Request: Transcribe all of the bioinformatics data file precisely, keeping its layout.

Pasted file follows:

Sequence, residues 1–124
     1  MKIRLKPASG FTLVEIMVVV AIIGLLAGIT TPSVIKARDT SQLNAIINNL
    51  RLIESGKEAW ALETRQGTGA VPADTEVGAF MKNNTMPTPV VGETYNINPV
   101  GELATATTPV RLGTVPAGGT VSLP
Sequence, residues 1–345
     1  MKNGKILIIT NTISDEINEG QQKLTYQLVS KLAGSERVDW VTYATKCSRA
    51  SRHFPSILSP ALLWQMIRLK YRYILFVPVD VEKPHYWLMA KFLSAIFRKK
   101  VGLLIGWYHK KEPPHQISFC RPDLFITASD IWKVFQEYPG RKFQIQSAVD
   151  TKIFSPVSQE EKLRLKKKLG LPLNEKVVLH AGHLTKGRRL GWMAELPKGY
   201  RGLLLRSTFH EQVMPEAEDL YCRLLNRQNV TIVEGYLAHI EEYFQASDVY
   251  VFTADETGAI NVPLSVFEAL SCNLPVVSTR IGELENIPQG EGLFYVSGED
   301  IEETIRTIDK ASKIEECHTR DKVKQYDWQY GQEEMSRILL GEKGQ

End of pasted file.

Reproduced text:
Sequence, residues 1–124
     1  MKIRLKPASG FTLVEIMVVV AIIGLLAGIT TPSVIKARDT SQLNAIINNL
    51  RLIESGKEAW ALETRQGTGA VPADTEVGAF MKNNTMPTPV VGETYNINPV
   101  GELATATTPV RLGTVPAGGT VSLP
Sequence, residues 1–345
     1  MKNGKILIIT NTISDEINEG QQKLTYQLVS KLAGSERVDW VTYATKCSRA
    51  SRHFPSILSP ALLWQMIRLK YRYILFVPVD VEKPHYWLMA KFLSAIFRKK
   101  VGLLIGWYHK KEPPHQISFC RPDLFITASD IWKVFQEYPG RKFQIQSAVD
   151  TKIFSPVSQE EKLRLKKKLG LPLNEKVVLH AGHLTKGRRL GWMAELPKGY
   201  RGLLLRSTFH EQVMPEAEDL YCRLLNRQNV TIVEGYLAHI EEYFQASDVY
   251  VFTADETGAI NVPLSVFEAL SCNLPVVSTR IGELENIPQG EGLFYVSGED
   301  IEETIRTIDK ASKIEECHTR DKVKQYDWQY GQEEMSRILL GEKGQ